Press Release – AFTINET

More than 70 organisations including 54 regional groups ranging from Mirboo in Victoria, to the Cassowary Coast in North Queensland, to Walgett in NSW, in traditional areas of Coalition support, have endorsed a letter to Trade Minister Andrew Robb.October 2, 2013

Rural anti-gas mining groups say no to investors suing governments for environmental regulation as Trans-Pacific trade talks resume

More than 70 organisations including 54 regional groups ranging from Mirboo in Victoria, to the Cassowary Coast in North Queensland, to Walgett in NSW, in traditional areas of Coalition support, have endorsed a letter to Trade Minister Andrew Robb. They express their strong opposition to clauses in trade agreements which would enable foreign investors to sue governments for damages in international tribunals if government regulation is seen to ‘harm’ their investment. These proposals are known as investor-state dispute settlement (ISDS).

The Minister will meet with other Trans-Pacific Partnership (TPPA) Ministers at the APEC meeting in Bali on October 3-4 before a TPPA Leaders’ meeting on October 7 which is expected to announce progress in the negotiations.

“ISDS would reduce the ability of governments to regulate the activities of foreign companies even if these activities have a negative impact on health and the environment. This would prevent governments from responding to community concerns about Coal Seam Gas mining (CSG)”, Drew Hutton, President of Lock the Gate, said today.

“The US-based Lone Pine energy company is using ISDS clauses in the North American Free Trade Agreement to sue the Canadian Quebec provincial government for $250 million, because it responded to community concerns and reviewed the environmental impact of shale gas mining,” said Mr Hutton.

“In a similar way, farmers and community members in NSW and Victoria have influenced their state governments to review the environmental impact of CSG mining and to consider regulation. If Australia agrees to include ISDS in trade agreements, governments could be sued for millions of dollars for responding to community concerns,” explained Mr Hutton.

“ISDS is already being used to undermine Australian democratic legislation and the decisions made by the Australian High Court. The Philip Morris tobacco company is trying to use an obscure 1993 Australia-Hong Kong investment agreement to sue Australia for millions of dollars in an international tribunal over the tobacco plain packaging legislation. Philip Morris has persisted with this case despite the fact that Australian High Court found that the law was a public health measure and the tobacco companies had no right under Australian law to damages for the legislation. This shows how ISDS can undermine democratic laws and national sovereignty” Dr Patricia Ranald, Convenor of the Australian Fair Trade and Investment Network.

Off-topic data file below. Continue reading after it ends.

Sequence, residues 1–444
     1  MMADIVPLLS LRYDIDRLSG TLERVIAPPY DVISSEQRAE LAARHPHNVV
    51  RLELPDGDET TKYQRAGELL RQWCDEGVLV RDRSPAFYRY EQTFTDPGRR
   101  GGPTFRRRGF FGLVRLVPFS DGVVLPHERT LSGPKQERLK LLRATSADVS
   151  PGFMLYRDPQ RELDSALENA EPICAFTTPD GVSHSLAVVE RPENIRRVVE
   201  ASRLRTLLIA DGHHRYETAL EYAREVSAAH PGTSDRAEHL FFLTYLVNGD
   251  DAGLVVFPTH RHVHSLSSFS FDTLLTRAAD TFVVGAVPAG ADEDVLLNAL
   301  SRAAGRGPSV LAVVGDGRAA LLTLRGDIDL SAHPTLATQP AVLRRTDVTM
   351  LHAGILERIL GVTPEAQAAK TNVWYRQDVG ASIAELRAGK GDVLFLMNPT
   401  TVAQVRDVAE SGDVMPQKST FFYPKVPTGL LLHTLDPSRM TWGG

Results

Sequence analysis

“The inclusion of ISDS in The TPPA would provide more opportunities for such cases which could cost taxpayers many millions of dollars, and would discourage governments from regulating in the public interest.”

“We call upon the government to reject the inclusion of ISDS in the TPPA and all other trade agreements,” said Dr Ranald.

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A copy of the letter with signatories is below.

1 October, 2013

The Hon. Andrew Robb
Minister for Trade and Investment
Parliament House
Canberra ACT 2600

Dear Mr Robb,

The Australian Fair Trade and Investment Network and the Lock the Gate Alliance, with the undersigned community organisations, would like to congratulate you on your new position as Australia’s Minister for Trade.

Together, we represent a diverse range of civil society groups including farmers groups and local community groups.

We are concerned about proposals in international trade negotiations which would enable foreign investors to sue governments for damages if government regulation is seen to “harm” their investment. These proposals are known as investor-state dispute settlement (ISDS).

Including these proposals in any trade agreement would reduce the ability of governments to regulate the activities of foreign companies even if these activities have a negative impact on health and the environment. This would prevent governments from responding to community concerns about environmental issues, including Coal Seam Gas mining (CSG).

Through ISDS provisions in the North American Free Trade Agreement, the Canadian Quebec provincial government is currently being sued by the US-based Lone Pine energy company for $250 million, because it has suspended shale gas mining pending a study of its environmental impact. The Quebec government acted in response to concerns from the community.